Import prices rise in July
August 13, 2004
The U.S. Import Price Index rose 0.2 percent in July 2004. The increase resumed the upward trend in the index, following a modest 0.1-percent decrease in June.
Import petroleum prices advanced 0.9 percent in July, contributing to the overall increase in import prices and reversing the 0.9-percent downturn for the index in June. Prices for petroleum imports were up 29.5 percent over the past 12 months.
Nonpetroleum prices also rose in July, edging up 0.1 percent. Prices for nonpetroleum imports have not declined since October and were up 2.6 percent for the year ended in July. Overall, import prices rose 5.5 percent over the same period.
Export prices rose 0.4 percent in July, as higher prices for nonagricultural exports more than offset a decline in the price index for agricultural exports.
These data are from the BLS International Price program. Import and export price data are subject to revision. Learn more in "U.S. Import and Export Price Indexes - July 2004" (PDF) (TXT), news release USDL 04-1520.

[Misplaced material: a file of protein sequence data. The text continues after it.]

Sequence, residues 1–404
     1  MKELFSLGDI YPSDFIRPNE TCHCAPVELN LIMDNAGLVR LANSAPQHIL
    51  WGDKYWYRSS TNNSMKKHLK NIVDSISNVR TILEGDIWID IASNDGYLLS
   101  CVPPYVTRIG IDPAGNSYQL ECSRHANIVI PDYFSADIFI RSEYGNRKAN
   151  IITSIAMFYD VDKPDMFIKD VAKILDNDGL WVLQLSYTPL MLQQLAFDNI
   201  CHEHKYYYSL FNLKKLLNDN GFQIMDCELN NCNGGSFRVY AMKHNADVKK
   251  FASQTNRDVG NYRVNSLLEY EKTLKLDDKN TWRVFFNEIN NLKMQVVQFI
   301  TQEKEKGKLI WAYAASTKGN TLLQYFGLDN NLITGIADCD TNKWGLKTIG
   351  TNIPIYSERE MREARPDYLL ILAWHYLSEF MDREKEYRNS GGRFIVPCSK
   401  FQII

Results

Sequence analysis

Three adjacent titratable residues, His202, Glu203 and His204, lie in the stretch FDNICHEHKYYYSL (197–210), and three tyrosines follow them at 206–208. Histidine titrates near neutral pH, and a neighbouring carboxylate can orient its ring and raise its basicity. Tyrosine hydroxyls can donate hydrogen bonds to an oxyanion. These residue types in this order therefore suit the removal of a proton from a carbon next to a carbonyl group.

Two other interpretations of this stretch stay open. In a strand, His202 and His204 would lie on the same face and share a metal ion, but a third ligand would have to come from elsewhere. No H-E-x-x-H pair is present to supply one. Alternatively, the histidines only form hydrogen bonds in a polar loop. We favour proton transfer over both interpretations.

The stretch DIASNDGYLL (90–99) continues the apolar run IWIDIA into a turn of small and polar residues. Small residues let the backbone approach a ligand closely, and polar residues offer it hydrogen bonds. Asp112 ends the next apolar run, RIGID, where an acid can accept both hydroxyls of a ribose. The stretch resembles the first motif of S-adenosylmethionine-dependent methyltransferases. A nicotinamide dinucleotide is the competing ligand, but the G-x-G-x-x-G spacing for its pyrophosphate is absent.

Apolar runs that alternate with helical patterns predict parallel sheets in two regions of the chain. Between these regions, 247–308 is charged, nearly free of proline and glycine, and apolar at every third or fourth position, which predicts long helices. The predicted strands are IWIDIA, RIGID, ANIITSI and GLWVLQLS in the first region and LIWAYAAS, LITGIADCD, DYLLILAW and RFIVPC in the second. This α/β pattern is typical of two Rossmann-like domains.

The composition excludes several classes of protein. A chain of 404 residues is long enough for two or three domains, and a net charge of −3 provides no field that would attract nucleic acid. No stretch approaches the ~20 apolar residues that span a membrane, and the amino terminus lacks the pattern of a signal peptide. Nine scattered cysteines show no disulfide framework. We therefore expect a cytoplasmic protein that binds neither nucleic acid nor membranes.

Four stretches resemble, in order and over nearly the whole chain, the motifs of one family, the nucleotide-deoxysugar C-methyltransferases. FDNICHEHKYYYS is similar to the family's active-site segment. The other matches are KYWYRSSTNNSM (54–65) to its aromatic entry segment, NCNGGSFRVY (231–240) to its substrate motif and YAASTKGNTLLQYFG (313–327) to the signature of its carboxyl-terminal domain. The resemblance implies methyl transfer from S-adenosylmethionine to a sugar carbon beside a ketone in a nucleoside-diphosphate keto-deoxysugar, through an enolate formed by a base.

Bureau of Labor Statistics, U.S. Department of Labor, The Economics Daily, Import prices rise in July on the Internet at https://www.bls.gov/opub/ted/2004/aug/wk2/art05.htm (visited May 24, 2017).
Recent editions of Spotlight on Statistics
STEM occupations: past, present, and future
A look at employment and wages in science, technology, engineering, and mathematics occupations.
Workplace injuries and illnesses and employer costs for workers’ compensation
Workplace injury and illness data and the costs to employers for workers’ compensation in natural resources, construction, and maintenance occupations.
A look at the future of the U.S. labor force to 2060
Projected long-term trends in the growth, size, and composition of the labor force.
Union membership in the United States
Historical trends in union membership among employed wage and salary workers; union membership by a variety of demographic characteristics.